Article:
Students and parents adjust to new morning traffic patterns

September 19, 2017 — by Emilie Zhou

Assistant principal Brian Thompson

The line of cars slowly inch forward through the crowded front parking lots as the clock ticks closer to the 8:15 a.m. tardy bell. Parents and students frantically make their way through the traffic, some cutting lines and driving into oncoming traffic to make it to class on time.

This has been the situation almost every school day as drivers adjust to the back parking lot being closed to dropoffs and new traffic patterns the administration has implemented this year.

According to assistant principal Brian Thompson, the school closed the back parking lot this year for student drop-off and pick-up and added a new route in an effort to improve the flow of traffic and ensure students’ safety.

With two drop-off areas, cars entering the front parking lot from Herriman Avenue are able to split after driving past the McAfee Center and can turn either right or left at the intersection before the entrance of the school.

By turning left, parents are able to drop off students in front of the gym, drive past the tennis courts and exit back onto Herriman. The new route added this year allows cars that turn right at the intersection to drop students off in front of the music building and near the side of the McAfee Center, drive through the west wing of the school and exit onto Saratoga Sunnyvale from the back parking lot, Thompson said.

Even so, many students say closing off the back parking lot has resulted in heavier traffic and unintended consequences in the front parking lot and nearby streets.

“It gets really backed up while you’re waiting on Herriman and just today I saw someone get really close to hitting a kid while they were turning into the school,” sophomore Nikita Pawar said. “There’s only one way to actually get into the school and everyone’s just waiting on Herriman to turn.”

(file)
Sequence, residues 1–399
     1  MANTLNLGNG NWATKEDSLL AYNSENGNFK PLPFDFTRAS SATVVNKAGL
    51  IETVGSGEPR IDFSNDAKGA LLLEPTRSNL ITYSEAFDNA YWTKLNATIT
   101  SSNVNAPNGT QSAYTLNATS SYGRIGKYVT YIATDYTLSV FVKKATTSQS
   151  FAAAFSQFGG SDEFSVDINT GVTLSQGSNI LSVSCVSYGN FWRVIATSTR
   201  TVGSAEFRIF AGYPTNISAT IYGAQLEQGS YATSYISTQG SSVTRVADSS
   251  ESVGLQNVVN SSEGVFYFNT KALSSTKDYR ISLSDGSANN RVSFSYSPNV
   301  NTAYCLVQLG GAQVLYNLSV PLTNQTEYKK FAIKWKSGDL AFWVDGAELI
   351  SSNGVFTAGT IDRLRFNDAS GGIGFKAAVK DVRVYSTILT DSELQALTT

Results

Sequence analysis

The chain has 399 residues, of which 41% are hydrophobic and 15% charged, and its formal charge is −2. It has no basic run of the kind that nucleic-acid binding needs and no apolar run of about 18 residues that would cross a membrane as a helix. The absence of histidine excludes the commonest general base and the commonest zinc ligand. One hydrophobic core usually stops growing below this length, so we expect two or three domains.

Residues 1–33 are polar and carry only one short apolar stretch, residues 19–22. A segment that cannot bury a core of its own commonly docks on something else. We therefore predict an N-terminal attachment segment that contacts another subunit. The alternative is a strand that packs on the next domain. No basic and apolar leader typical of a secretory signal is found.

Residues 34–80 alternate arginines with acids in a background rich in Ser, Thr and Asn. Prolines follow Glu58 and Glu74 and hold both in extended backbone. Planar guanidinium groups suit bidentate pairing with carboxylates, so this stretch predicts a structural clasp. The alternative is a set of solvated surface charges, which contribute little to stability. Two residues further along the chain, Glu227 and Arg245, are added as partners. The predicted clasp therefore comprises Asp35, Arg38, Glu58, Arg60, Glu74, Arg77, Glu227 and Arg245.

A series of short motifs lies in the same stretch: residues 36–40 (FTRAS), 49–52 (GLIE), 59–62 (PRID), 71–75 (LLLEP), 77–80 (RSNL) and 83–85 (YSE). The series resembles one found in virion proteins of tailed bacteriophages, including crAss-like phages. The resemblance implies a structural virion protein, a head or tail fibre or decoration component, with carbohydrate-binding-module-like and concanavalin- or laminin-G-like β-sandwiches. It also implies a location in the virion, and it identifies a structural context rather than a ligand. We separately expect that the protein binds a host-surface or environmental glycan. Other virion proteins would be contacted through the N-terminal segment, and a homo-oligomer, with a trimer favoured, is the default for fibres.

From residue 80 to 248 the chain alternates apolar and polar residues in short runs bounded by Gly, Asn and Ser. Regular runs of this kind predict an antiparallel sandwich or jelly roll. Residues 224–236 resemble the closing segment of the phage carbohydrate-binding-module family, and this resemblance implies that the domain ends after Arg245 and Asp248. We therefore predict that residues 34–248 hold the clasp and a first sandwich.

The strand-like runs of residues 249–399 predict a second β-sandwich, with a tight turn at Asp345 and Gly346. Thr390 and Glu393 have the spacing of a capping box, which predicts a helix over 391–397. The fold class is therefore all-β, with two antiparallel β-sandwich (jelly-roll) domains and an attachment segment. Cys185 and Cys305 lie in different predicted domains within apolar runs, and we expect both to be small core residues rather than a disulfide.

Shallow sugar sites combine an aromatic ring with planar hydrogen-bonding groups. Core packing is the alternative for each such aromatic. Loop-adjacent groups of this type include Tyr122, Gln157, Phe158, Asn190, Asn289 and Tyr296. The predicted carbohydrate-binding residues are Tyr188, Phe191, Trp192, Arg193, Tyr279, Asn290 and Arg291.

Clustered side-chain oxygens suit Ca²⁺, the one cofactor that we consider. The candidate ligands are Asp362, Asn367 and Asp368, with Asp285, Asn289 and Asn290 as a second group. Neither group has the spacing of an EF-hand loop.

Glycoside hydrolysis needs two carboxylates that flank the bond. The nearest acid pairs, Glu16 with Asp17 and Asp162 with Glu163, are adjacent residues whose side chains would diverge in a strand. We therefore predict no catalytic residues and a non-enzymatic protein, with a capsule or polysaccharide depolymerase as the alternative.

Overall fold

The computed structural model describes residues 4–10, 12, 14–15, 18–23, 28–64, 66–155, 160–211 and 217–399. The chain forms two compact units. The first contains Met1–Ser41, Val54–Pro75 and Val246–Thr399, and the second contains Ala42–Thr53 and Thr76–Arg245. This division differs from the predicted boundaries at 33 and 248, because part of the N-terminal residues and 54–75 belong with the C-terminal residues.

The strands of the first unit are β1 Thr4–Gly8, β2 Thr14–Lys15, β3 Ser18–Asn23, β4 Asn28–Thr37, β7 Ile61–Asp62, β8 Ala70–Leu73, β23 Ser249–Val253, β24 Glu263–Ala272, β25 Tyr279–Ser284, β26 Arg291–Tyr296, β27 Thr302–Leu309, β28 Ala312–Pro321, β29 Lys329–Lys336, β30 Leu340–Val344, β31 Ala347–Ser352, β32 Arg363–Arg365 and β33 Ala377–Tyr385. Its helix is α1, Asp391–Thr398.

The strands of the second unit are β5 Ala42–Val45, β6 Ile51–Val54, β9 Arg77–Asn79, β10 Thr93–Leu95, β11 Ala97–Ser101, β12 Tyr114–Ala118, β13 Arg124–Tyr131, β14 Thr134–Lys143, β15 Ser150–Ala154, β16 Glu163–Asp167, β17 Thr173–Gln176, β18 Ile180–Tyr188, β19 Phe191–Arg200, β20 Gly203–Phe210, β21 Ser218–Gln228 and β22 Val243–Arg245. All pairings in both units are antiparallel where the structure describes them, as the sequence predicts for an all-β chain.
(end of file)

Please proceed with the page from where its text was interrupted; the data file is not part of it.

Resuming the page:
With the heavier traffic, many drivers on these busy streets aren’t following the traffic rules, making it especially unsafe for those walking to school, Thompson said.

People in the front parking lots are also sometimes driving in the opposite lane, creating additional safety hazards. By trying to cut in line, drivers are increasing the chances of crashing head on into oncoming cars. Thompson maintained, however, many of these behaviors and violations aren’t new this year.

Pawar has observed that many students are also being dropped off at areas they’re not supposed to, such as Lexington, the street across the front of the school, and the side of Herriman. Some parents are even having their kids get out of cars in the middle of the road to avoid waiting in the parking lot traffic.

As a result, increased safety precautions have been added, including a new crosswalk near the back of the school and new traffic signs on Herriman.

According to Thompson, it’s ultimately the sheriff's department and the city traffic unit’s job to manage the traffic out on the streets outside of the parking lot.

“We give them a lot of information and feedback on what’s happening, but managing the city streets is their responsibility,” Thompson said.

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